9 Questions Each Lawmaker Must Answer

House and Senate lawmakers will meet the week of June 29 to resolve differences between their two chambers’ versions of the FY16 National Defense Authorization Act (NDAA), H.R. 1735. In completing the conference report for the bill, those lawmakers will have to answer nine important questions for the Department of Defense’s (DoD) civilian workforce:

Question 1: Should DoD complete its New Beginnings Performance Management system before making drastic changes to personnel policy?

What we say: AFGE strongly opposes the Senate version’s punitive provisions dealing with performance of civilian employees:  section 1101, which would extend the current one year probationary period to two years; section 1102, which would delay a step increase for an employee who had undergone a performance improvement period; and section 1103, which would increase the weight of performance over veterans preference and length of service when determining retention of employees during a RIF.  Until DoD’s performance management system is overhauled, it is premature to use the current flawed performance management system to determine pay raises and RIF retention.  In addition, extension of a probationary period only creates an at-will workforce, instead of fostering a culture in which supervisors communicate with their employees about their performance, ensure they receive adequate training and feedback, and take steps to correct poor performance when it occurs.

Instead the conferees should substitute the House version’s section 906, which expresses the sense of Congress that DoD should continue its efforts to institute a performance management and appraisal system for employees, named ‘‘New Beginnings,’’ as required by section 1113 of the National Defense Authorization Act for Fiscal Year 2010 (Public Law 111–84). It would also express the Sense of Congress that the Secretary of Defense should proceed with the collaborative work with employee representatives on the new system and implement it at the earliest possible date.  The FY16 NDAA must strike Senate Sections 1101, 1102, and 1103, and retain House Section 906.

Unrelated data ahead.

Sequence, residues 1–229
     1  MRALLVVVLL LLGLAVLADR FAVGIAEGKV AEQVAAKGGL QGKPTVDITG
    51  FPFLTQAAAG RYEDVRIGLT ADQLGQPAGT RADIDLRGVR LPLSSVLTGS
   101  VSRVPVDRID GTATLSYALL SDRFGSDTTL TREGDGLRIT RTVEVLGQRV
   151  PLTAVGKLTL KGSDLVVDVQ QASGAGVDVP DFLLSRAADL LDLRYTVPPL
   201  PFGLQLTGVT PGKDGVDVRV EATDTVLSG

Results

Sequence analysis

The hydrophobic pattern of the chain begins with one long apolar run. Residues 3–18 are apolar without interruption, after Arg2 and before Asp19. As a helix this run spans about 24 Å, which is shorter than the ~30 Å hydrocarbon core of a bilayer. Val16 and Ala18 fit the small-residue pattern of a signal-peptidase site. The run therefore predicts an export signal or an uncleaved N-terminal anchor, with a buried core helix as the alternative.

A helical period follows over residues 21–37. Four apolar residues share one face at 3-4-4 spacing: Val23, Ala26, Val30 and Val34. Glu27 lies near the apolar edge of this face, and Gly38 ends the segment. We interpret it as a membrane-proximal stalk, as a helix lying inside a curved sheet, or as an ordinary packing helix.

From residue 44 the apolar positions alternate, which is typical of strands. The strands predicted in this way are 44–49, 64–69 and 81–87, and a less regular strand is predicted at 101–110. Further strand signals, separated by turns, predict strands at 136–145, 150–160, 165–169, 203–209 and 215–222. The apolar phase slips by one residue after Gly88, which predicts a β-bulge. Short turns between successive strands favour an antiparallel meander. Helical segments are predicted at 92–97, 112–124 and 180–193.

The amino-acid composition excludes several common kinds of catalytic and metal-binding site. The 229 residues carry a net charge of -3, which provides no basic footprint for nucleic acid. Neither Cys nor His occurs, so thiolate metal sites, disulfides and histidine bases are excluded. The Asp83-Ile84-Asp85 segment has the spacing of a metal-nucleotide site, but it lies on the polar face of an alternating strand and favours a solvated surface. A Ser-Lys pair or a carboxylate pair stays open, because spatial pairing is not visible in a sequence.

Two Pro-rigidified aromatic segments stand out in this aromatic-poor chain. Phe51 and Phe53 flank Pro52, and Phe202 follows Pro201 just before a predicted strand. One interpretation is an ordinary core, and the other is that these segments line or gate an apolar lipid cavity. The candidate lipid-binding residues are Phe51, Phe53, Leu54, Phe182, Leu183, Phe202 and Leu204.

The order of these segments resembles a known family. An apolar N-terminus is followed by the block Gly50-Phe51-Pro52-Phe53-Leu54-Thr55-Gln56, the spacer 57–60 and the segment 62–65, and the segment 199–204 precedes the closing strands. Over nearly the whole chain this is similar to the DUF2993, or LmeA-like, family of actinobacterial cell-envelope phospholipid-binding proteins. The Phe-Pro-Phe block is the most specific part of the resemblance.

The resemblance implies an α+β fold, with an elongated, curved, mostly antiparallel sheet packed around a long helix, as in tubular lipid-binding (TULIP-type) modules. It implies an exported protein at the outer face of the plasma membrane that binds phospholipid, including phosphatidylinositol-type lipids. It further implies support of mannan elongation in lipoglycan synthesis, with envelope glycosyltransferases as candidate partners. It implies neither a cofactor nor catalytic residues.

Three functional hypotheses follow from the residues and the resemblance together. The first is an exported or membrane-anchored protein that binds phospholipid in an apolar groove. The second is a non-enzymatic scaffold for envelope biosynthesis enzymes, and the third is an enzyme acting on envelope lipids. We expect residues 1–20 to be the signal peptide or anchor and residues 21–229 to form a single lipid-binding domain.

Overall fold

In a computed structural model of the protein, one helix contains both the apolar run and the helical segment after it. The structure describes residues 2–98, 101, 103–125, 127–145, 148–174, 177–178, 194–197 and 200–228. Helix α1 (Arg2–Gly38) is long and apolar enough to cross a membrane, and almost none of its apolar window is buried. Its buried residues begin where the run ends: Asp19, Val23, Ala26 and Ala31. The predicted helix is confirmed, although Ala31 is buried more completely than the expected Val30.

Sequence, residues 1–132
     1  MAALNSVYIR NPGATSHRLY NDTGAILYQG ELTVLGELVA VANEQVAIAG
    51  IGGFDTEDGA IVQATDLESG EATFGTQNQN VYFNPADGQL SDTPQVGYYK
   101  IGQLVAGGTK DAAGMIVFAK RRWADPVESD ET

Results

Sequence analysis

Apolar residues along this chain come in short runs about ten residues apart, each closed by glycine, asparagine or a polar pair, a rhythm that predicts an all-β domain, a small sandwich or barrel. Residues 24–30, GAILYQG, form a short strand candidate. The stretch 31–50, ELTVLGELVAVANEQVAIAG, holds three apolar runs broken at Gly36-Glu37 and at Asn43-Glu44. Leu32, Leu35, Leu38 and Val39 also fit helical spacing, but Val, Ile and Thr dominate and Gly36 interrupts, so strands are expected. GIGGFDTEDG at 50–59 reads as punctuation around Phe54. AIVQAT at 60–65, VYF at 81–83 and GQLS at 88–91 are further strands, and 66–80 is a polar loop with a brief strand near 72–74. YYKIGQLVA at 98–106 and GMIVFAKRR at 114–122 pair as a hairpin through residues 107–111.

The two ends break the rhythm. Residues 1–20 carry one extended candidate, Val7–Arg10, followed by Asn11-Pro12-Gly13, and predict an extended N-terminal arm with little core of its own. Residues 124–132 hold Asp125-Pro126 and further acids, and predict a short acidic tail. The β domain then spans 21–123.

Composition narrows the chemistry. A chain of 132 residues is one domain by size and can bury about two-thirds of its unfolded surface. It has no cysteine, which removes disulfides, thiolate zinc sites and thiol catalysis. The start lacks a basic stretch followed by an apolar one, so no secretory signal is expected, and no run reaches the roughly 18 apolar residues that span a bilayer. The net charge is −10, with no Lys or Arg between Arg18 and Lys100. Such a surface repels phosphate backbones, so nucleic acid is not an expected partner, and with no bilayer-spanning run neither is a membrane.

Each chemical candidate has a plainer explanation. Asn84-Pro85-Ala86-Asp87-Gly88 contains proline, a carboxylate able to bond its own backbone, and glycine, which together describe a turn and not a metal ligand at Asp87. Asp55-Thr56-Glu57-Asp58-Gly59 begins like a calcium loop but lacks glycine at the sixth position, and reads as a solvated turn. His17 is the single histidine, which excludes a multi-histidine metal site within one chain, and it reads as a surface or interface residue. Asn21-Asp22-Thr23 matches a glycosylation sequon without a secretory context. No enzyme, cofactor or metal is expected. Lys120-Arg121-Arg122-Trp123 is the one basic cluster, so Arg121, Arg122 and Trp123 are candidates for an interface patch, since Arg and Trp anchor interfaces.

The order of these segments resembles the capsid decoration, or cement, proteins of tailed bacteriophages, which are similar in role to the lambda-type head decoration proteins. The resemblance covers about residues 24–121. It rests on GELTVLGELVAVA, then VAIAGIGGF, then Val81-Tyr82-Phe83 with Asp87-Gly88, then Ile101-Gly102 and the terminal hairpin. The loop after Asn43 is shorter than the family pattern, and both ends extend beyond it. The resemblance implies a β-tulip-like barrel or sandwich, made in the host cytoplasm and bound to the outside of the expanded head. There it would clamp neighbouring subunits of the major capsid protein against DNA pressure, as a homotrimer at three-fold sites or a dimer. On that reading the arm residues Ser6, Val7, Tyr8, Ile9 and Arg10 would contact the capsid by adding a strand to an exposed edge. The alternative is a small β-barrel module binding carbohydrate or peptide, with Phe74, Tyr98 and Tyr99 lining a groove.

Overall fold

Question 2: Should DoD force civilian personnel whose work require lengthy travels to personally pay for official travel?

What we say: In November 2014, DOD cut the per diem allowance for employees traveling 31 to 180 days to 75% of the current per diem rate, and further reduced the per diem allowance to only 55% of allowable expenses for travel longer than 180 days.  These cuts to DOD employees’ per diem allowance for lodging, meals and incidental expenses is a misguided and misplaced attempt at meeting the goal to reduce DOD travel expenditures.  The current reduced flat rate per diem allowance will inevitably lead to DOD employees who travel for long periods of time having to personally pay for expenses directly related to official travel, cutting into employees’ personal finances. 

Question 3: Should the cap on service contract spending be extended?

What we say: In FY12, Congress imposed a cap on service contract spending because the Department had imposed a cap on the size of the civilian workforce.  Otherwise, it was feared that work would simply shift from a capped civilian workforce to otherwise uncapped service contractors.  Any savings from reductions in the civilian workforce would be lost if their work is simply shifted to contractors who are almost always more expensive.  Worse, if only civilians are capped, DoD would actually be incentivized to use contractors instead of civilians.  If civilians are to be disadvantaged, then, so, too, should contractors.  The House NDAA includes an extension of the cap on service contract spending (Section 863).  Senator Cardin was prevented from offering his amendment (SA 1690) which would have included identical language in the Senate’s NDAA.  The FY16 NDAA conference report must include House Section 863. 

Question 4: Should civilian personnel have opportunities to perform new work?

What we say: Because of the cap on the size of the civilian workforce, civilian employees are denied opportunities to perform new work, even when they are the most cost-efficient workforce.  DoD policy requires managers to use their own cost comparison methodology to determine which workforce—military, civilian, or contractor—should perform new work in those instances in which cost is the sole basis for making such decisions.  However, the Congress’ own investigators report that DoD does not actually use its methodology.  When defense dollars are precious, it makes no sense to deny civilian personnel opportunities to perform new work when they are the most cost-efficient.  The House NDAA includes a requirement that DoD actually use its cost comparison methodology when cost is the sole criterion (Section 321).  Senator Brown was prevented from offering his amendment (SA 1965) which would have included identical language in the Senate’s NDAA.  The FY16 NDAA conference report must include House Section 321.